Monday, December 08, 2008

Publishing Envy

How does one keep the publishing envy at bay? One of my writing group members, Val Hobbs (seriously one of the best writers I know) asks this question in her blog this morning, and it got me to thinking. I haven’t been haunted by that particular monster for a while, and I’m trying to figure out why.

Part of it stems from the fact that I love writing what I write. I have fun with those books, I tear my heart out with these books, but I adore writing them. The thing is, I have written books I didn’t love as much, that weren’t a part of my own core writing drive, and those books are much, much harder.

About three years ago, in order to save my sanity, my writing focus shifted away from publishing and more to the process. Now, I realize that’s somewhat easier to say once one’s had the validity of being published, but being published isn’t the same as staying published, so there is still a huge risk involved. And at one point I had a huge epiphany: I realized I’d rather write this book my way and never sell it rather than write it some other way. That was a hugely anchoring moment and came after about eleven rejections on the book. As luck would have it, the twelfth editor bought it. Coincidence? I think not. I think sometimes that act of letting go is what sets things in motion—but I digress.

I’ve come to view all those reports of large, six figure deals as urban legends, publishing myths that have very little to do with my own reality. The other thing is that for as many of them that earn out that advance, a similar number do not, and that terrifies me; to have had some publisher pay that much money for one of my books then seriously underperform. ::shudder:: I seriously think that sort of pressure would crush my muse.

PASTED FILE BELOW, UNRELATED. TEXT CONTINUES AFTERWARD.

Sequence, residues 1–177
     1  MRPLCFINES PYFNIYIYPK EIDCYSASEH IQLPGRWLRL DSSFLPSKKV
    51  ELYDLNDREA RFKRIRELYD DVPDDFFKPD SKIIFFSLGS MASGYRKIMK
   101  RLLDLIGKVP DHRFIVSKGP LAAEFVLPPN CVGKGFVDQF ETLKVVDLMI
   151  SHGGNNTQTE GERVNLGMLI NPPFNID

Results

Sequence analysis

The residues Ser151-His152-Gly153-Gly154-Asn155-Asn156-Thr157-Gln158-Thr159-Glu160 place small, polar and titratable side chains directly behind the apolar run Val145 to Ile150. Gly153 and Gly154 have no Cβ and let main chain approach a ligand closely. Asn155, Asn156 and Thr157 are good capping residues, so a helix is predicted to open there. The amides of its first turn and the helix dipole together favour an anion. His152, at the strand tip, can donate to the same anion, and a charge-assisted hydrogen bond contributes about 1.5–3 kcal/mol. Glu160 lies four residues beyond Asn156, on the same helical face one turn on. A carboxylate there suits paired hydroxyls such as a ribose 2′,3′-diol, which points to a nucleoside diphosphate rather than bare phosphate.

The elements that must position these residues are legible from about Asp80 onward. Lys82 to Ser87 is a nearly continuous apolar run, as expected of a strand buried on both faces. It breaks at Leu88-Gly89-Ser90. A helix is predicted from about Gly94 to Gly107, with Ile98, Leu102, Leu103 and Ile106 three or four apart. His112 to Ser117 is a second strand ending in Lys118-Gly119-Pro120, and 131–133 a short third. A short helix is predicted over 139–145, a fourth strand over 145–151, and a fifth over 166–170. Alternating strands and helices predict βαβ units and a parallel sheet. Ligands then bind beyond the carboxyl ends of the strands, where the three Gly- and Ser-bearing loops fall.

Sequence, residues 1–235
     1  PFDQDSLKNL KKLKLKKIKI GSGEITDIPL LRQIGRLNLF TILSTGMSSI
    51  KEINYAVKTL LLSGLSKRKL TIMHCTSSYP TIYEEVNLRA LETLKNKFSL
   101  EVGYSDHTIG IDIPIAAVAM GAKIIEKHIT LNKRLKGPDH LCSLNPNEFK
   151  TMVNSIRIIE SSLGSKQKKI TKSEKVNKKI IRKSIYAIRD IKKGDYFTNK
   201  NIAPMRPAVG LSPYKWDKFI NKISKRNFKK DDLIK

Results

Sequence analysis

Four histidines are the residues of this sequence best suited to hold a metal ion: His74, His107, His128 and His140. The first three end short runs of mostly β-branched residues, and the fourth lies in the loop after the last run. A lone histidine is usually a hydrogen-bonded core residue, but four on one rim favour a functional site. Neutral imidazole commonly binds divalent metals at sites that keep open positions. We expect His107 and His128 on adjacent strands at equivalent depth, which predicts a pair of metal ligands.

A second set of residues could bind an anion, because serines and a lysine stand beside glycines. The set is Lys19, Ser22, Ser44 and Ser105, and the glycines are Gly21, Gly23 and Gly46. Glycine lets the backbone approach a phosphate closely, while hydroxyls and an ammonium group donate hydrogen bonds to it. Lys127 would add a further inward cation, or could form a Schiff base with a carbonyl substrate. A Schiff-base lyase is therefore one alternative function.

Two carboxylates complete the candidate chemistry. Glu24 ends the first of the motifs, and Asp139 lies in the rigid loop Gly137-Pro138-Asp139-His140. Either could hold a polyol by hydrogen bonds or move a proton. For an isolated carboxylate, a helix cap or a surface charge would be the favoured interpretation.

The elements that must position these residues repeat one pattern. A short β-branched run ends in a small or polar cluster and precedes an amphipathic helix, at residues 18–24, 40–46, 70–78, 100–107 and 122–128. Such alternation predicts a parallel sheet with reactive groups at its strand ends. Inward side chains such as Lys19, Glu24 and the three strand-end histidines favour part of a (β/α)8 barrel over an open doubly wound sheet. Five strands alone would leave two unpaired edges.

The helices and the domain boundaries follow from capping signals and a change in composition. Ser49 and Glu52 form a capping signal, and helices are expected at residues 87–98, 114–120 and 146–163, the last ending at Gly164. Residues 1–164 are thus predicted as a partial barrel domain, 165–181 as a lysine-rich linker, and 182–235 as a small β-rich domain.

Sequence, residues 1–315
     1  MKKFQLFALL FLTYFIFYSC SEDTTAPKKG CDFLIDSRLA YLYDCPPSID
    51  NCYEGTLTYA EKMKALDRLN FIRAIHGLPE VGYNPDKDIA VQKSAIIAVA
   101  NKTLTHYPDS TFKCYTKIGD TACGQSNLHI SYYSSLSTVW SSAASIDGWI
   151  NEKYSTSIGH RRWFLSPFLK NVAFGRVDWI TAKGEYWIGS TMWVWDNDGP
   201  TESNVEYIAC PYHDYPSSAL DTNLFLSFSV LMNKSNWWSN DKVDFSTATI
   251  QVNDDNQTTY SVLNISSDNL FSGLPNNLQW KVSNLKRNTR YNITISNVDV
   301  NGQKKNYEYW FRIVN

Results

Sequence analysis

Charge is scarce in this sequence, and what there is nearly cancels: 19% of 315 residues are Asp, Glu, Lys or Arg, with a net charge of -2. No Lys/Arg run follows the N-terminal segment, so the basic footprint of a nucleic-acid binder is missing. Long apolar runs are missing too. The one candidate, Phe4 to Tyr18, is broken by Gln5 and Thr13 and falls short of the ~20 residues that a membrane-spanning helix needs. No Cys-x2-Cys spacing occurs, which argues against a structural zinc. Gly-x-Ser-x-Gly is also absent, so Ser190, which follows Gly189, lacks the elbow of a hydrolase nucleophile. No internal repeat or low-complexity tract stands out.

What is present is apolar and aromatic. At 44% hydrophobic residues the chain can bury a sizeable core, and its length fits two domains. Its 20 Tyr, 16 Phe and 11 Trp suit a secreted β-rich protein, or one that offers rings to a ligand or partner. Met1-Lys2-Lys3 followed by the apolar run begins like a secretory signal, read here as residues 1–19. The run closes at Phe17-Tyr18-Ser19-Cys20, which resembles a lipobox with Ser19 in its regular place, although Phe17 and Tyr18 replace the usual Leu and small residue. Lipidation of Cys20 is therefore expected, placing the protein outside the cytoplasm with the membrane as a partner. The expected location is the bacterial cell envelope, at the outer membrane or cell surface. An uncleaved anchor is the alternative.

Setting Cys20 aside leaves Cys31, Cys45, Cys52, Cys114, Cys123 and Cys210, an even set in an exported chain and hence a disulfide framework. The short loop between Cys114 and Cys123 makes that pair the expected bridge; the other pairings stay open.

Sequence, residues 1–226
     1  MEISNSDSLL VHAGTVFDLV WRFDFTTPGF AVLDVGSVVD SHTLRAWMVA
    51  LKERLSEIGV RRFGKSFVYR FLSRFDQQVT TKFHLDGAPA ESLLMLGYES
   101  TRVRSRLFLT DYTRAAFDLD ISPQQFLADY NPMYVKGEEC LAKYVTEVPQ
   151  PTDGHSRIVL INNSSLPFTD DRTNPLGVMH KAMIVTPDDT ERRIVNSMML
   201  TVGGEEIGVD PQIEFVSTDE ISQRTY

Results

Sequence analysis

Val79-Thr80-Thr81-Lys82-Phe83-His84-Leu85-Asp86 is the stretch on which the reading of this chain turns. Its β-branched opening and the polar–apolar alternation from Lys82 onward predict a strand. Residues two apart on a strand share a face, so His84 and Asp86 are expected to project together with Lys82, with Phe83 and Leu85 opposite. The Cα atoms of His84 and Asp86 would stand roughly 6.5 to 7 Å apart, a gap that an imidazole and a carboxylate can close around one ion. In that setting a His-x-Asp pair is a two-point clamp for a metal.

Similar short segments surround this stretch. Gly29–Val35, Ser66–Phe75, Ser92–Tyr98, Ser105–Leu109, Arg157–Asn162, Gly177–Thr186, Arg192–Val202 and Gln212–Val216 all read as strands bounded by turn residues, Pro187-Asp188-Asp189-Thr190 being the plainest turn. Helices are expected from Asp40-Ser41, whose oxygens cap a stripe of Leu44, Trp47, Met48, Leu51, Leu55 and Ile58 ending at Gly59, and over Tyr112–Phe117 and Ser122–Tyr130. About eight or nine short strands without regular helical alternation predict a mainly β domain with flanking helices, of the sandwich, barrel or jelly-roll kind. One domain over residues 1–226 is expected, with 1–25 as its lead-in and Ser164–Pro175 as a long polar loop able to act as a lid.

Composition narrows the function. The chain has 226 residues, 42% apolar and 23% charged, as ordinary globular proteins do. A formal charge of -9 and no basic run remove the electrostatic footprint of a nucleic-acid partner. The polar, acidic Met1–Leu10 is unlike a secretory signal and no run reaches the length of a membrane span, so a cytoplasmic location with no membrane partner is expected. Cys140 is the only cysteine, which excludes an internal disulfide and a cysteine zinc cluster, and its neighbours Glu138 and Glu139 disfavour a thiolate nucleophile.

Now, just to be clear, I do get bitten by writing envy—someone’s voice just leaps off the page at me, or their sentences are lyrical and lush, or they get to a cherished idea before I do. But that strikes me as being somewhat healthy—something that motivates me to push my own boundaries.

So I guess I manage to avoid publishing envy at this stage in my career by a unique combination of denial, fear, and sheer stubbornness. Not sure that’s something to be recommended, but it’s working for now.


Sheri said...

Ooo--I'm with you on the "get to a cherished idea before I do" bit. I have a story that I have worked on off and on for several years and I am terrified that someone else will publish it before I do! LOL! And yes, it should inspire me to write on it harder but I just don't have the time to immerse myself in it, and trust me. It is a story line that I MUST be immersed in to write--fantasy is like that...

Robin L said...

That's so true, Sheri! That total immersion is KEY, especially for fantasy, as you say.

When my kids were younger, I did a lot of writing in snippets, but it wasn't until they began to have lives of their own that I had the uninterrupted time to really go deep with my writing--which I think can make all the difference in the world.

Here's hoping no one gets to that idea before you do!